2
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[This question has been rewritten]

To simple down my last question, I think this example will be more clear. Suppose I have this list of functions list1[a] and append them to another list of functions list2[a].

list1[a_] := List[
   {(w + a), -d},
   {-a, -d},
   {-(w + a), -(t + d)},
   {-a, -(t + d)},
   {-a, -d},
   {(w - a), -d},
   {-a, -(t + d)},
   {(w - a), -(t + d)}
   ];

list2[a_] := List[];

For[i = 1, i <= 8, i++,
  AppendTo[list2[a], list1[a][[i]]]
  ];

Now, for example, I want to make a=1 and see list2. My problem is, when I do this:

list2[1]

I get

{}

Thank you for you patience!

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  • $\begingroup$ Without more info about your argument list I can't figure out what your function is trying to do. But does With[{list = Table[i a, 5]}, Table[c1* ArcCos[(list[[i]].list[[i + 1]])/(Norm[list[[i]]]* Norm[list[[i + 1]]])], {i, Length[list] - 1}] ] output something like what you're looking for (ie: a list of functions)? $\endgroup$ – aardvark2012 Oct 8 '17 at 21:56
  • $\begingroup$ And how does this question differ from this one? $\endgroup$ – aardvark2012 Oct 8 '17 at 22:11
  • $\begingroup$ Sorry!I was not very clear.In the end I want to have a function which is the sum of other functions.These other functions are built using the vectors I mentioned from the list I input as the first argument and the expression inside the append. All of these are always functions of a. The auxList is the list of these functions. Later I would want to define another function which is the sum of each of auxList elements. And this last function is still a function of "a".Before defining this last function,I used auxList[1] to see if it substituted the variable "a by one but return the empty brackets $\endgroup$ – RicardoP Oct 8 '17 at 22:12
  • $\begingroup$ Concerning your other question, that is my fault! I thought I hadn't post the question, after some time of no answers and posted it again (I was getting used to this forums quick answers), but people just hadn't seen the question yet. My bad! $\endgroup$ – RicardoP Oct 8 '17 at 22:16
  • $\begingroup$ Your use of Append seems wrong, I think you may mean AppendTo. But honestly, I can't figure out what question you are asking. Can you pare it down to a simple version? $\endgroup$ – bill s Oct 8 '17 at 22:28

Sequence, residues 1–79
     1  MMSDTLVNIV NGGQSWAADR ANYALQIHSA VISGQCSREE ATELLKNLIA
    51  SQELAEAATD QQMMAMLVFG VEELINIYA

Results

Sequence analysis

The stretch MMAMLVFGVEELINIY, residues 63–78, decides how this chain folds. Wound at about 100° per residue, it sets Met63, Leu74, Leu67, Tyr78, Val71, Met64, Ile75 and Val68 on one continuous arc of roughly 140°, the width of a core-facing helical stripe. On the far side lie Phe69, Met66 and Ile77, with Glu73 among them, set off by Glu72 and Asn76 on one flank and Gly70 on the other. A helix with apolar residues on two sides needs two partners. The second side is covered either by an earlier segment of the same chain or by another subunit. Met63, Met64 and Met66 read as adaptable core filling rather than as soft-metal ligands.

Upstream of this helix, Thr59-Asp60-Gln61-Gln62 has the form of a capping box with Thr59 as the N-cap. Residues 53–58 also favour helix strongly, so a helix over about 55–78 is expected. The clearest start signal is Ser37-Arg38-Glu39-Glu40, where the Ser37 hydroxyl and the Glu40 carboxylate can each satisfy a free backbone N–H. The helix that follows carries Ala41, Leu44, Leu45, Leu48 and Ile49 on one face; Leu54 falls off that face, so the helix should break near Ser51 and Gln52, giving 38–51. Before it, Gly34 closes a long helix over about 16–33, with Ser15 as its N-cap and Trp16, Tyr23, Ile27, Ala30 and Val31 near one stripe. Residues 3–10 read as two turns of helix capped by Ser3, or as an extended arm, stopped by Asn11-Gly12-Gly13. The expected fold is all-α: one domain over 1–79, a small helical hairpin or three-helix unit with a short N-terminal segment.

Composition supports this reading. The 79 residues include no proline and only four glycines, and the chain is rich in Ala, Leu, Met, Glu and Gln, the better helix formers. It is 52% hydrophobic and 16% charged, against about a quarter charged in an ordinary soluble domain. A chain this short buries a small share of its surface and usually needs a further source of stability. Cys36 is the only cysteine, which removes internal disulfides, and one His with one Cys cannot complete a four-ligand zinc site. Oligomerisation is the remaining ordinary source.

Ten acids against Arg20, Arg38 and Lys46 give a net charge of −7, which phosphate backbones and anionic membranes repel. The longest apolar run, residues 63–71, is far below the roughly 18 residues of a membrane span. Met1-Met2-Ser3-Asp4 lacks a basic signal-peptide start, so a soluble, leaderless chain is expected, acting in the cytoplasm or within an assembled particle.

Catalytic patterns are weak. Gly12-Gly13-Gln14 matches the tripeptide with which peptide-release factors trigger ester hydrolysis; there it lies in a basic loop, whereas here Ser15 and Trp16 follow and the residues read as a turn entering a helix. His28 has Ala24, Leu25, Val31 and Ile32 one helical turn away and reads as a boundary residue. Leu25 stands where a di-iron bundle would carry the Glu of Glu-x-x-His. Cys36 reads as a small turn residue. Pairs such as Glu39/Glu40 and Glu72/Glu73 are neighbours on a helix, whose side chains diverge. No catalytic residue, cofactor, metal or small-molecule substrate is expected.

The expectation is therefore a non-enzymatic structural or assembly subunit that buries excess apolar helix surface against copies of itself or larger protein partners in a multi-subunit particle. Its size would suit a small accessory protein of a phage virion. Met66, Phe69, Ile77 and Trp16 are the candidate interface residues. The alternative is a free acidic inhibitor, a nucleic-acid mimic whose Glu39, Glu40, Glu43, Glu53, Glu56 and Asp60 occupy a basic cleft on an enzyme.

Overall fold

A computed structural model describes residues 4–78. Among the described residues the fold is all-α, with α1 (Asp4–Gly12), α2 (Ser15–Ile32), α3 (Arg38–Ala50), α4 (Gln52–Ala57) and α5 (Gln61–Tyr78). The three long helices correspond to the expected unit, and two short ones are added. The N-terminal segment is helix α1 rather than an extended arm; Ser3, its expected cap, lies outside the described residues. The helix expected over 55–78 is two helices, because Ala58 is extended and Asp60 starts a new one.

1
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With the revised question, it seems that what you want to do is to append list1 to itself 8 times. Here is a way to do that:

list1[a_] := List[{(w + a), -d}, {-a, -d}, {-(w + a), -(t + d)}, {-a, -(t + d)}, 
     {-a, -d}, {(w - a), -d}, {-a, -(t + d)}, {(w - a), -(t + d)}];
list2[a_] := ConstantArray[list1[a], 8]

Now when you type list2[a] you get the list of functions 8 times.

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0
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list1[a_] := List[
  {(w + a), -d},
  {-a, -d},
  {-(w + a), -(t + d)},
  {-a, -(t + d)},
  {-a, -d},
  {(w - a), -d},
  {-a, -(t + d)},
  {(w - a), -(t + d)}]

list2[a_] := List[]

For[i = 1, i <= 8, i++,
 list2[a_] := Evaluate[Append[
    DownValues[list2][[1, 2]], list1[a][[i]]]]]

list2[1]

{{1 + w, -d}, {-1, -d}, {-1 - w, -d - t}, {-1, -d - t}, {-1, -d}, {-1 + w, -d}, {-1, -d - t}, {-1 + w, -d - t}}

list1[1] == list2[1]

True

As an alternative to a For loop Array can be used here, e.g.

Array[(list2[a_] := Evaluate[Append[
       DownValues[list2][[1, 2]], list1[a][[#]]]]) &, 8];
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  • 1
    $\begingroup$ Generally it's not recommended to use For loop when you don't need to change the iterator (here i) in the loop body and don't need to check its value after the loop. Instead it's better to use Do. $\endgroup$ – Ruslan Feb 6 '18 at 15:56
  • $\begingroup$ @Ruslan - Yes, my preference would be to use Array, but I tend to show solutions with minimal code changes to address only the main point of difficulty and not distract. $\endgroup$ – Chris Degnen Feb 6 '18 at 16:36

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